Brother Lemmons' "Clear Cut Statement"
Elsewhere in this issue of the Guardian Brother Reuel Lemmons has an article captioned "Accommodating Brother Kelley" in which he proposes to answer a little criticism we made in his direction about his vagueness in the matter of church cooperation and in which he gives us a "clear cut statement," he says, of where he stands on church cooperation. Brother Lemmons seems a little "miffed" at being the subject of the criticism we offered. The criticism wasn't an attempt to simply "find fault with brethren" as he says in his second paragraph. That's the trouble with some of the brethren — you can't ask them a simple question relative to some of the issues confronting us without them getting all in a huff and imagining that someone is trying to "line them up," or "find fault" with them. And insofar as what he read being a "classic example of the loose writing — upon the subject of church cooperation," he may be right. We won't argue that point — he has a right to his opinion. But this "loose writing" that Brother Lemmons says is "filling some of the papers" doesn't leave one to wonder where the writers stand or what they believe. And if it takes "loose writing" for one to be understood as to what he believes or where he stands then we would suggest that Brother Lemmons "loosen up" a little. His "clear cut statement" is still just as vague in this respect as the editorial which we first criticized. This suggestion doesn't intend to interfere with Brother Lemmons' "autonomy."
He tells us he hasn't "lined up" with anyone on the question of church cooperation but immediately "advises" Brother E. R. Harper to "clip and save" for future battles — but he hasn't "lined up" with anyone. He should know that Brother Harper can't prove his point by "clipping and saving" and referring to what brethren have said, it will take the word of God to do that. Brother Harper may need some help but that kind of "advice" isn't it.
But here is his "clear cut statement": "The principle of New Testament cooperation is: New Testament churches (congregations) can cooperate. That's exactly where I stand." As George Goble says, "Now isn't that nice." That reminds me of a talk I had with a Methodist preacher one time on the question of the Lord's Supper. He wouldn't be pinned down; he simply said the "New Testament teaches Christians to partake of the Lord's Supper and that's where I stand and that's what we do, period." Brother Lemmons said, "I hope this removes any 'vagueness' or 'fog' the brother feels is there." He knows it doesn't, but he is hoping just what that Methodist preacher was hoping — that he will be left alone. I don't imagine he will be. He cites Acts, chapter 15 as his example of church cooperation and recommends a careful study of this chapter by brethren doing their own "individual thinking." This is where the apostles and elders at Jerusalem send instruction to Antioch and settle a dispute up there about circumcision. That's the kind of cooperation he believes in. Does our brother propose that the church at Abilene or Lubbock or some place else take upon itself to settle all the differences of the brethren at some other place? From what he says you can't be sure just what he means. Again we suggest that he "loosen up" a little. But if one thousand plus churches can do their radio preaching through a single eldership why can't that many churches look to a single eldership to settle all their differences? Maybe that is what he means.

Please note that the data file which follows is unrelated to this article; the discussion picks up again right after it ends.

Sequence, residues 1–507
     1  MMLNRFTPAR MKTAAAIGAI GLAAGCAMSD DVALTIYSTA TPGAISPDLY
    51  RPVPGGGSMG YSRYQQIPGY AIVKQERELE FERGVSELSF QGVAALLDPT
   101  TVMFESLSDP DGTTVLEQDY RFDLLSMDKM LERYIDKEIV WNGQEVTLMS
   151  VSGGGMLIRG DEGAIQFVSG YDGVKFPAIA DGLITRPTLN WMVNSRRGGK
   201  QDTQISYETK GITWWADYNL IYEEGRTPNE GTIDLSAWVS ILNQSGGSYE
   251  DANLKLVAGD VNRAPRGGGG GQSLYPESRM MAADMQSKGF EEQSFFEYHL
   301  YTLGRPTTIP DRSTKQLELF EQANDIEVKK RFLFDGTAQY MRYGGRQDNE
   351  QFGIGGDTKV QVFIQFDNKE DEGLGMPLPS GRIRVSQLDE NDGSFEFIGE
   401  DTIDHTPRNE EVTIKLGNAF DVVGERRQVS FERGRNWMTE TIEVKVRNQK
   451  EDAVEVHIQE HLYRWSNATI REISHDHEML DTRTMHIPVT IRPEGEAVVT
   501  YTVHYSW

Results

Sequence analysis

In closing he says "brethren ought to be able to look at this cooperation question without having to look through money colored glasses, or project colored glasses either." Maybe brethren ought to be able to do this, but who created the "money colored" and "project colored" glasses that brethren are wearing around today anyway? The word of God certainly did not. To some Texas oil men and maybe even some Texas preachers one million five hundred thousand dollars a year may not sound like very much money, or one thousand churches working through a single eldership may not sound like many churches. But to a boy in the southwest Louisiana cane breaks where you can count the churches on your fingers, that's a lot of money and a lot of churches.
Now in closing our part of this little exchange we remind our readers again: Brother Lemmons talked about the "abuses" of the principle of church cooperation but he still hasn't told us what they are. He said some of the brethren were using the "abuses" to fight against cooperation itself. What are the abuses Brother Lemmons? You said "New Testament churches can cooperate," that's fine. Don't be like that Methodist preacher and say "that's it, period." Tell us about them and the ones guilty of the abuse. Clear up the "fog" and the "vagueness" for us. "Tell us plainly."